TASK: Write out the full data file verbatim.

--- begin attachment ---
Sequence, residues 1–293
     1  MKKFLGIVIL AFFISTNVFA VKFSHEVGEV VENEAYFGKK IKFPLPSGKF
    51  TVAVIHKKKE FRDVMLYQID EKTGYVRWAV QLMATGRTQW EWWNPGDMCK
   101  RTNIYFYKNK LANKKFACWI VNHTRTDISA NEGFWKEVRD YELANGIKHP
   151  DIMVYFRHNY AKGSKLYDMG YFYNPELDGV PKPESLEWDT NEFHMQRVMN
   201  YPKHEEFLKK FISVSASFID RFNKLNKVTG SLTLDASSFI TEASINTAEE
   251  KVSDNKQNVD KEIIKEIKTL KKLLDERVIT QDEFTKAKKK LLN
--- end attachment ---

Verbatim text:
Sequence, residues 1–293
     1  MKKFLGIVIL AFFISTNVFA VKFSHEVGEV VENEAYFGKK IKFPLPSGKF
    51  TVAVIHKKKE FRDVMLYQID EKTGYVRWAV QLMATGRTQW EWWNPGDMCK
   101  RTNIYFYKNK LANKKFACWI VNHTRTDISA NEGFWKEVRD YELANGIKHP
   151  DIMVYFRHNY AKGSKLYDMG YFYNPELDGV PKPESLEWDT NEFHMQRVMN
   201  YPKHEEFLKK FISVSASFID RFNKLNKVTG SLTLDASSFI TEASINTAEE
   251  KVSDNKQNVD KEIIKEIKTL KKLLDERVIT QDEFTKAKKK LLN